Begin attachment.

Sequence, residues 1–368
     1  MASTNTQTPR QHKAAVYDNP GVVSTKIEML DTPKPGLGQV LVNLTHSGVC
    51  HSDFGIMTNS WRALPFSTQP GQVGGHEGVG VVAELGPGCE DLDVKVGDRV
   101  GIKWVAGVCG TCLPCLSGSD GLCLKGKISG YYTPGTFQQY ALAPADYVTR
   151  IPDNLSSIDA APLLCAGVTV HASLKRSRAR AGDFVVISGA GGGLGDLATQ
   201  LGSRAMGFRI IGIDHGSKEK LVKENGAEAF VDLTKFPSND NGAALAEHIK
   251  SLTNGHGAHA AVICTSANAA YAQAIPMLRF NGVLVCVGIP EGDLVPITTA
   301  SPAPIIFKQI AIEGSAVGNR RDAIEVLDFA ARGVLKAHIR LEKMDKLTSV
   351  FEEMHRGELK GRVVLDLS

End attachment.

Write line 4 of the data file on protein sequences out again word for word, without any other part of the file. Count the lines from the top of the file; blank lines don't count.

   101  GIKWVAGVCG TCLPCLSGSD GLCLKGKISG YYTPGTFQQY ALAPADYVTR